Management of parasomnias consists of identifying and resolving any underlying causes, providing reassurance and advice
on optimal sleeping practices (sleep hygiene), and where necessary, modification of the sleeping environment. In severe
cases, pharmacological treatment may be considered.
Exclusion of underlying causes may include investigation of:3,4
- Use of medicines with CNS-related adverse effects, e.g. sedative hypnotics, SSRIs, beta-blockers and tricyclic antidepressants
- Use of non-pharmacological drugs with CNS-related adverse effects, e.g. caffeine, nicotine, alcohol, illicit drugs
- Anxiety or stress
- Depression or other mental illness
- Dementia or confusion in older people
- Other sleep disorders, e.g. restless leg syndrome, sleep apnoea, narcolepsy
Reassurance that parasomnias are common, usually without any specific cause and generally resolve over time may be helpful.
Household members should be advised that during parasomnia episodes, the person should not be woken as this may increase
disturbance or lead to violent behaviour.3 If they have left their bed, the person should be gently redirected
back to bed without waking, or if there is a history of violence, observed but left alone.
Sleep hygiene is the term used to describe a set of structured practices and habits that can help to maximise the quality
and duration of sleep, and therefore minimise the occurrence of parasomnias. Sleep hygiene advice includes:5
- Go to bed when sleepy, and get up at the same time each day
- Avoid daytime napping (except in young children), especially after 2 pm
- Avoid excessive light exposure prior to bed, e.g. computer screens, cell phones
- Ensure that sleep and sex are the only uses of the bed
- Get regular exercise, ideally mid to late afternoon
- Limit caffeine, alcohol and tobacco intake, particularly at night
- Have a hot drink, e.g. milk, prior to bed
- Avoid doing school-work or work prior to bed
- Get out of bed if sleep onset does not occur within 20 minutes, perform a relaxing activity such as listening to music
or reading for a short time and then return to bed
Making the sleep environment safe may be necessary if the parasomnia behaviour involves leaving the bed. For example,
place locks on second story windows, remove furniture, including mats and electrical cords, from around the bed, secure
dangerous items such as knives or matches and secure exits to prevent wandering.
Scheduled waking may help to reduce the incidence of episodes of non-REM parasomnias such as somnambulism (sleep walking).
The patient is gently and briefly woken 15 - 30 minutes prior to the normal episode time.5,6 The procedure
is repeated nightly for up to one month, and then a trial without waking is done to assess whether there is a continued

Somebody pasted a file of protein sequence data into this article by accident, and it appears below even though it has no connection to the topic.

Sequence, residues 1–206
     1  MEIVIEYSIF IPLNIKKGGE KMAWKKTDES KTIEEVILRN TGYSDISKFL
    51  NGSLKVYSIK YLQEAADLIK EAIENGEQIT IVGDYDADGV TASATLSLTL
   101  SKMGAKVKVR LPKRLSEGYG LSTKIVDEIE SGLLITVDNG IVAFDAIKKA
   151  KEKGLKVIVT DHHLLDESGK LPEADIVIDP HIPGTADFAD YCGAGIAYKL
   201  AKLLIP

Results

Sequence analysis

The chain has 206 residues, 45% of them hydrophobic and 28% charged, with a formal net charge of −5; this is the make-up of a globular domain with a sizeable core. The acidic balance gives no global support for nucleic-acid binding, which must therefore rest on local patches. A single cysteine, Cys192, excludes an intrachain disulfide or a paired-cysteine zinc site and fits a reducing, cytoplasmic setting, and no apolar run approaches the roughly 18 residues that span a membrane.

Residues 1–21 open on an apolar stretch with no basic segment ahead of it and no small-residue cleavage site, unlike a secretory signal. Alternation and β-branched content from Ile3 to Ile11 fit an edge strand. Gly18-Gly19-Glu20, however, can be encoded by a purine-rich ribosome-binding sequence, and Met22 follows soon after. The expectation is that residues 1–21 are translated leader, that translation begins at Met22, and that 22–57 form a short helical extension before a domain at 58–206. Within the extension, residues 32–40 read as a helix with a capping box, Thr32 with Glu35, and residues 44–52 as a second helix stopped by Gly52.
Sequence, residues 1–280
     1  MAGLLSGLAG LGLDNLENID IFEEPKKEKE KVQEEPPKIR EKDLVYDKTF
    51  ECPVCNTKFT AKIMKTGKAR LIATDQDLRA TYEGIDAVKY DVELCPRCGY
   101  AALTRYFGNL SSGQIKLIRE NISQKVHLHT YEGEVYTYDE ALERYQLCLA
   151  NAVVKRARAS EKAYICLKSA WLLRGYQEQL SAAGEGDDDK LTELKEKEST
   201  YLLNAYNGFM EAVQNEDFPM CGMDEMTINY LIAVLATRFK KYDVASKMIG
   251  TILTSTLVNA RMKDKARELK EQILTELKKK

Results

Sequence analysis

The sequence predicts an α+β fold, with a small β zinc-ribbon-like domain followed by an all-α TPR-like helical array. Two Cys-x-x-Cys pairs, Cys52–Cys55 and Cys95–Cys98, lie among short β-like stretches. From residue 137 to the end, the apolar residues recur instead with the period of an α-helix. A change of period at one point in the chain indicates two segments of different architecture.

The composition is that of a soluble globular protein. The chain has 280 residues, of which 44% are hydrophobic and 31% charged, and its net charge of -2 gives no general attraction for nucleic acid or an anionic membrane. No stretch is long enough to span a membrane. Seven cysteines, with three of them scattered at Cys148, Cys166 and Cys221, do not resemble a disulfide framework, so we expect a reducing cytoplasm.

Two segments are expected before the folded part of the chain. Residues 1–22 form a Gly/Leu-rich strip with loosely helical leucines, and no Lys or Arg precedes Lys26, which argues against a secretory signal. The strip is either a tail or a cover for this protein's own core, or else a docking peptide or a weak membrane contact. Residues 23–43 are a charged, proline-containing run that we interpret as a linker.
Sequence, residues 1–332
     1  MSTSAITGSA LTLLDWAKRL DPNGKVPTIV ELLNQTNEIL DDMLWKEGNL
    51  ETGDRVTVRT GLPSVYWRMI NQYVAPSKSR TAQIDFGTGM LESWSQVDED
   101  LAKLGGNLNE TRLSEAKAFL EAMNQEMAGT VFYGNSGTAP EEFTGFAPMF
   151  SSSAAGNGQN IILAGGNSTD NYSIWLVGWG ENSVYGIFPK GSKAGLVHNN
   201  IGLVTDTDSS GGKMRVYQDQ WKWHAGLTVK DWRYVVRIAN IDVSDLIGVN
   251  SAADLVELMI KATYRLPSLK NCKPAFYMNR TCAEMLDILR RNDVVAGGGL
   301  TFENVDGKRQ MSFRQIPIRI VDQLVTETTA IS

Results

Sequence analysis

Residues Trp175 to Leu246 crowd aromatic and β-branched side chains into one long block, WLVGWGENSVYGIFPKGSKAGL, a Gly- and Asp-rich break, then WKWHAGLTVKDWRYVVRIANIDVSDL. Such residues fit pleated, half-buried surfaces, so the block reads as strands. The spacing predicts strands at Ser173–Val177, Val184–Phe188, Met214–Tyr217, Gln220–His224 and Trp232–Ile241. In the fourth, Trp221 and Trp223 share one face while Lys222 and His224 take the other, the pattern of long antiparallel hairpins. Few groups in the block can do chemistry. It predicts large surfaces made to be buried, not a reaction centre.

Pharmacological treatment (Table 1) may be considered when parasomnias become frequent, cause extreme anxiety or there
is potential for harm to the person or household members. The use of medicines to treat parasomnias is complex and rarely
evidence based.4 There are no medicines currently approved for use for parasomnias in New Zealand. Medicine
should only be prescribed after exclusion of reversible underlying causes and all non-pharmacological options have been
trialled.6 Pharmacological treatment is rarely recommended for children with parasomnias, and at present, the
evidence is limited.5 Where pharmacological treatment is considered for a child, it should be discussed first
with a paediatrician, sleep physician or psychiatrist.
Psychotherapy, particularly relaxation and cognitive behaviour therapy, where available, may be useful for some people
Referral to a sleep physician is recommended if treatment is ineffective, the risk of harm is significant, the symptoms
are atypical or the diagnosis is unclear.
The architecture of sleep
Sleep occurs in a complex cycle, which is essential for physiological regulation, function and overall health. An individual's
sleep architecture, i.e. the structure and pattern of their sleep, can have a significant effect on their quality of
life, day-time function and health.
The 24-hour sleep cycle is divided into three broad stages; non-rapid eye movement (non-REM), rapid eye movement (REM)
and wakefulness. Sleep duration is the total time in a 24 hour period that a person sleeps, and is divided into non-REM
and REM sleep stages (Figure 1). Non-REM sleep is further divided into stages, with "deepest" sleep occurring in Stage
Quality of sleep is dependent on sleep duration, along with time of sleep onset and length of time spent in each stage
Figure 1: Human sleep architecture, showing deep sleep (Stage 4) early in the night and multiple